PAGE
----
Research

Rocky subtidal and intertidal communities

Heather Hunt Lab Research

My lab has been carrying out research on the patterns and processes underlying biodiversity of hard-bottom marine invertebrates. We have collaborated with Rémy Rochette also at UNB Saint John to test the use of settlement cages (collectors) as a tool for monitoring biodiversity of benthic marine invertebrates and small benthic fishes in rocky subtidal habitats. Collaboration with researchers at a number of US and Canadian institutions who have also deployed collectors is enabling the examination of patterns over large spatial scales. We are also using the collectors to quantify changes in communities colonizing cobble-filled collectors, such as the recent detection of cunner in the Quoddy region of the Bay of Fundy, and to determine the relationship to changes in ocean temperature. We will also be employing the collectors to examine potential impacts of aquaculture on subtidal diversity.

I recently collaborated in an NSERC strategic project with Ladd Johnson (Université Laval) on the balance between urchin consumption and kelp production in the St. Lawrence maritime estuary and northern Gulf of Saint Lawrence in which my lab focused on urchin recruitment. I am currently collaborating with Nova Mieszkowska (Marine Biological Association of the UK) and Nessa O’Connor (Queen’s University Belfast) to examine southern species of topshell snails whose distributions in the rocky intertidal zone are shifting northwards in the UK due to climate change. I am using mesocosm experiments to examine the effects of winter extreme temperatures on topshells and the interactions between topshells and other grazing species.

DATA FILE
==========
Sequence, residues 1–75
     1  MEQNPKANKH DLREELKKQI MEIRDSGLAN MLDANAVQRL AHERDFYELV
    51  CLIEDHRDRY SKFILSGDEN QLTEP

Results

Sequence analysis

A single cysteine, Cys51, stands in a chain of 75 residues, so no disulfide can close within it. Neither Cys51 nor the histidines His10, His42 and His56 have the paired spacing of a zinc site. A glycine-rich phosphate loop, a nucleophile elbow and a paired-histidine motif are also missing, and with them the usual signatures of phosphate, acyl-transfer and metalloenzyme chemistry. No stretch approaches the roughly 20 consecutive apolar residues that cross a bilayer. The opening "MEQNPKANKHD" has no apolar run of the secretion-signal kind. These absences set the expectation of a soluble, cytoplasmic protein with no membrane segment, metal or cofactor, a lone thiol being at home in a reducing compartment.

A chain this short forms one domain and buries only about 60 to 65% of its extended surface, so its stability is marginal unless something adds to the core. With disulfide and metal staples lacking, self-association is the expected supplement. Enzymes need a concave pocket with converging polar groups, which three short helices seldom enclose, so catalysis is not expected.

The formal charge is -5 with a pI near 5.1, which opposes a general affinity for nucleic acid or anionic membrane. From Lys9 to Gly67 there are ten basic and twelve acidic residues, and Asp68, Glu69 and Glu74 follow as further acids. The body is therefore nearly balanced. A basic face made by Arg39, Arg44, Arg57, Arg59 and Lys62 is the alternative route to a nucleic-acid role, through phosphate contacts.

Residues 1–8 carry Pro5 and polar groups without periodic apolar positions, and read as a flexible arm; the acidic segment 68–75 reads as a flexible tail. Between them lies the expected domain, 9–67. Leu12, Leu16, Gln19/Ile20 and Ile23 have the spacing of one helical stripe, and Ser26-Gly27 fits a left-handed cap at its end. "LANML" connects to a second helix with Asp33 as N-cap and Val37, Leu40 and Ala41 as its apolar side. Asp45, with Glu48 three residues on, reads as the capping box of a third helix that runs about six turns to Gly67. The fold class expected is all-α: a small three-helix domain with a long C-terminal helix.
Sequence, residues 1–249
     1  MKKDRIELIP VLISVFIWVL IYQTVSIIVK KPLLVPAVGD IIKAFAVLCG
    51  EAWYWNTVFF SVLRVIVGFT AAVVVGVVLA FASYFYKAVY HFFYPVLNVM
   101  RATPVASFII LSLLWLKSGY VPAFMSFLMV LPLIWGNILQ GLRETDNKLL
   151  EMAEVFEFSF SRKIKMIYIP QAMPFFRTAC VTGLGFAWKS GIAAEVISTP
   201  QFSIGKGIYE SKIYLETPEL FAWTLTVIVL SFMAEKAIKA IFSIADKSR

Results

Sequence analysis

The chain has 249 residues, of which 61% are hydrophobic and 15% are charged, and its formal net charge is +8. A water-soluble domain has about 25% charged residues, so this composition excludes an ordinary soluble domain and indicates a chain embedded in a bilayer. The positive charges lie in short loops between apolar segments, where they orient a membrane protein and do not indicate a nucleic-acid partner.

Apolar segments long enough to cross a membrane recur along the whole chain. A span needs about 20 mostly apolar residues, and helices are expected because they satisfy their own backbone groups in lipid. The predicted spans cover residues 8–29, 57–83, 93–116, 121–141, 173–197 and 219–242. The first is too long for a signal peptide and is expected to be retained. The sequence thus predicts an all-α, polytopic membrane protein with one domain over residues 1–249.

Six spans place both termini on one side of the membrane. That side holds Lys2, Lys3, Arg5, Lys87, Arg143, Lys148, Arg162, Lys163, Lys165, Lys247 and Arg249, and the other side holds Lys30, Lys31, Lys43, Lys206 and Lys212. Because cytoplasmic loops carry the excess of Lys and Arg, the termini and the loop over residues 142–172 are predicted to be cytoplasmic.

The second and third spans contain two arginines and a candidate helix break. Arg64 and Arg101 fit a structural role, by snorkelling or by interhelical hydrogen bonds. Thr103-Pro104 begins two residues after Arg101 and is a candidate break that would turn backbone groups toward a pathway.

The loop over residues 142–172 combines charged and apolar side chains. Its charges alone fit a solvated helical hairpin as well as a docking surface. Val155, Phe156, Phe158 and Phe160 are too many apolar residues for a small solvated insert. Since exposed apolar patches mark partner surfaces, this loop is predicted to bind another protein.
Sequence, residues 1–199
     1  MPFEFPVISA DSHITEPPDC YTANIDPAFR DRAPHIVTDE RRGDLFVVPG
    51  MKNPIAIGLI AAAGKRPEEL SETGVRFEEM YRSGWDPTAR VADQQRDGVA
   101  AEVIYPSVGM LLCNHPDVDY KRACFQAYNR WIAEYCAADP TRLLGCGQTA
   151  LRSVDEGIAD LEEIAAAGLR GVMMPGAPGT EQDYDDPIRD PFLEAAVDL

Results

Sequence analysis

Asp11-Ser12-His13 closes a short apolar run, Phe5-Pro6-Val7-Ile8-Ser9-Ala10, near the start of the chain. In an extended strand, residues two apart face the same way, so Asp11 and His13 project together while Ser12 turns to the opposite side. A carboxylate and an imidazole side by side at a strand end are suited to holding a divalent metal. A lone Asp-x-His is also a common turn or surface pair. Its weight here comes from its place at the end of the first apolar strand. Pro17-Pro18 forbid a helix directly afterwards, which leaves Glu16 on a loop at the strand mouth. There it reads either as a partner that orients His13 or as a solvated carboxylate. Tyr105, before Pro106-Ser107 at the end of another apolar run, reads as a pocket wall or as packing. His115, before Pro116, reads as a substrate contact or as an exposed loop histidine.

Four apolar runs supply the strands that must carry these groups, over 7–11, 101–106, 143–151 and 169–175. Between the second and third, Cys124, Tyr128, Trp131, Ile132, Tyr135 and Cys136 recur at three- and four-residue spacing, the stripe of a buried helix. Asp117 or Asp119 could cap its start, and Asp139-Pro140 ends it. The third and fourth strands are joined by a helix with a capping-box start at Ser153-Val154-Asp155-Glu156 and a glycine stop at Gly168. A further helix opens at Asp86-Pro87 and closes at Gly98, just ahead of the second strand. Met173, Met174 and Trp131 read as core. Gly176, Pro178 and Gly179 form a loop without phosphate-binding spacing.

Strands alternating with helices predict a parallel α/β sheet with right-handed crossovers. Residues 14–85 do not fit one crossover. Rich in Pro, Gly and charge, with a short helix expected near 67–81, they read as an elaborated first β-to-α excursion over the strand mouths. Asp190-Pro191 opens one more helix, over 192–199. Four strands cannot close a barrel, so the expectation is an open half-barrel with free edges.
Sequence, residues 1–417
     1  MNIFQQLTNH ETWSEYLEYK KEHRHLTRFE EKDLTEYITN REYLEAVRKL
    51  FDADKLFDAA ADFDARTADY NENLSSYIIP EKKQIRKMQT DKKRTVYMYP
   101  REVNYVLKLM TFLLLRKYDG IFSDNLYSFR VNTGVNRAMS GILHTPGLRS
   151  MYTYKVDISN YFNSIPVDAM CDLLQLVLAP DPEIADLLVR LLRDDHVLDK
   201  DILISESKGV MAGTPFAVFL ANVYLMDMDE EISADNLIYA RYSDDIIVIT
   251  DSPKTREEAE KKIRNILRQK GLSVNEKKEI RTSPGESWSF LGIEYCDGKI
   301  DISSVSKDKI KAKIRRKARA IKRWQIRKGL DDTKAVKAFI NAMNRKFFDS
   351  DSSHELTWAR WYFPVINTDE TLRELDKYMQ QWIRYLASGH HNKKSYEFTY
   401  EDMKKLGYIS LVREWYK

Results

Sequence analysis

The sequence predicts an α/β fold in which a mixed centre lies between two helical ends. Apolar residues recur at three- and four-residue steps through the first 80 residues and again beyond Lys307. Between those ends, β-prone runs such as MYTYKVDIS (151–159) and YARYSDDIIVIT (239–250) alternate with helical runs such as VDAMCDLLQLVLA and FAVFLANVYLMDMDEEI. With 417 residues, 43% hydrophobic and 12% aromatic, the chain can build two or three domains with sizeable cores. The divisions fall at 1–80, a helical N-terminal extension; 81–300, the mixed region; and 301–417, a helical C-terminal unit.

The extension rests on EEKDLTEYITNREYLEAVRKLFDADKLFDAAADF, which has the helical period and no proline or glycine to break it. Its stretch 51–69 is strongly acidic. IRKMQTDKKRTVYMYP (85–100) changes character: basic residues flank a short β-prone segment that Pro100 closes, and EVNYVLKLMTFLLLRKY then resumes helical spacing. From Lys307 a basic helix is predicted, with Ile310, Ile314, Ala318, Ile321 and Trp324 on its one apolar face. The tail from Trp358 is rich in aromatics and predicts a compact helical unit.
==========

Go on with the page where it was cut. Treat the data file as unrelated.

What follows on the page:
Sediment communities

Research in my lab has demonstrated that events that occur shortly after the settlement of larvae can be crucial, and that both mortality and dispersal affect recruitment of juveniles. On mudflats, graduate students in my lab have been studying patterns of abundance and distribution, dispersal, and mortality of the soft shell clam. Recently, we have examined the effect of pH and carbonate saturation on recruitment of soft shell clams. Ocean pH is decreasing and carbonate saturation is decreasing due to increased CO2 in the ocean, causing concerns for organisms like clams which construct their shells out of calcium carbonate. However, organisms that live within the sediment are exposed to very low and variable present-day pH and carbonate saturation values. Our research has shown that sediment acidification decreases burrowing and increases dispersal of juvenile clams.  We are planning new research to examine the relative effects of sediment acidification and water column acidification and the effects of variability in pH over time.